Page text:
Prosecutors, forensic accountants and analysts have been investigating Mr. Trump and his companies for a wide range of possible financial crimes. With the records, they will have a fuller picture of potential discrepancies between what the Trump Organization told its lenders and tax authorities. Read our investigation of Mr. Trump’s taxes from last year.
The investigation: The inquiry by the district attorney initially focused on hush money payments to two women who claimed to have affairs with Mr. Trump. But filings by prosecutors suggest they are also investigating potential crimes like tax and insurance fraud.
If you have 5 minutes, this is worth it
10 years after the Christchurch earthquake
In 2011, an earthquake in New Zealand’s second-largest city razed an area where 8,000 homes once stood, killing 185 people. Now, only a stretch of green space twice the size of Central Park in New York remains. Above, what’s known as the red zone.
Deemed uninhabitable, the area was bought by the government and the remnants swept away. Beyond slouching lamp posts and faded road stenciling, there is little sign of a human past. The zone offers a sobering reminder that New Zealanders live in one of the most geologically active places on earth.
Here’s what else is happening
Congo attack: Italy’s ambassador to the Democratic Republic of Congo, Luca Attanasio, was among three people killed in an attack on an humanitarian convoy on Monday near the city of Goma. The attack is the latest in a wave of violence there.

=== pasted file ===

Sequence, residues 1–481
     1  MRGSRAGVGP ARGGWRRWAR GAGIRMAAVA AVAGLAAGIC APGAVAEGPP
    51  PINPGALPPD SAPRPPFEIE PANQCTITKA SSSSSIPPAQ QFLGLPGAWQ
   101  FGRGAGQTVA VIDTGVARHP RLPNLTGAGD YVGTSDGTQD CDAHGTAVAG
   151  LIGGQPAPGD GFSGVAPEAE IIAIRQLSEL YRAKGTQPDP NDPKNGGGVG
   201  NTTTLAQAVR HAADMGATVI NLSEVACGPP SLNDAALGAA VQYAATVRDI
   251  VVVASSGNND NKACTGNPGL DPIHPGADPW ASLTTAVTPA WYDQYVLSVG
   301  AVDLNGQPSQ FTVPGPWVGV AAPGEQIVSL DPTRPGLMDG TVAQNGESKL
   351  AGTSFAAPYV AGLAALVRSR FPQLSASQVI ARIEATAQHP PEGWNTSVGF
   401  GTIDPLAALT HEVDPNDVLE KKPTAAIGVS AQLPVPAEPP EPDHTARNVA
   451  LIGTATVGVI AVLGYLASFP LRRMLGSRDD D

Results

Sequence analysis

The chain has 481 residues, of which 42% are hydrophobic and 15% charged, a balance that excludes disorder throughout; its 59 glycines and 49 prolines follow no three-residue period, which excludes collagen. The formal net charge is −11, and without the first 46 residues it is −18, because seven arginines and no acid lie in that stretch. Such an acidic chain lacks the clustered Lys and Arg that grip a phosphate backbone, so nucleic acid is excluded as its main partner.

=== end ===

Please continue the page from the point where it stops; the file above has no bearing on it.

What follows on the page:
Pakistan aid workers: Gunmen killed four aid workers in the northwestern district of North Waziristan on Monday. The attack could signal a revival of insurgency in the region bordering Afghanistan that was once a stronghold of the Pakistani Taliban.
What we’re listening to: The “Renegades: Born in the USA” podcast by former President Barack Obama and Bruce Springsteen. The wide-ranging conversations about topics including their unlikely friendship, their personal challenges, race and racism, are an interesting way into some of America’s biggest issues.
Now, a break from the news
And now for the Back Story on …
A floral uplift in Japan
Our Tokyo bureau chief Motoko Rich wrote about finding solace and calm in flowers around the city. Below is a condensed excerpt.
Not long after we moved to Japan, I came to appreciate the public obsession with flowers.
Across the city, there are carefully tended stands of trees along many boulevards and rivers, as well as lovingly cultivated gardens. And while Tokyo is one of the most densely packed cities in the world, flowers are abundant here in everyday places.
It’s in the unassuming flora that I find the most pleasure: the weeds sprouting behind a rusted guard rail, or an unkempt shrub of scarlet berries climbing up a drain pipe on a dilapidated house.
Back in Brooklyn, before moving to Japan to become Tokyo bureau chief for The New York Times, I hadn’t been a particularly horticultural person. My husband and I used to joke that it was a miracle our two children managed to thrive given our poor track record with house plants.
Here in Japan, though, I soon discovered that I am easily enchanted by the flowering profusion. Particularly during the pandemic, hunting for flowers has become a way to soothe anxiety.
After two days when I didn’t leave our apartment because I was covering the resignation and replacement of the president of the Tokyo Olympics organizing committee, I walked to the grocery store and spotted tiny pink and cream winter daphne blossoms nestled in some bushes out front.
For a moment, tension evaporated.
That’s it for this briefing. See you next time.
Carole Landry helped write this briefing. Theodore Kim and Jahaan Singh contributed the break from the news. You can reach the team at [email protected]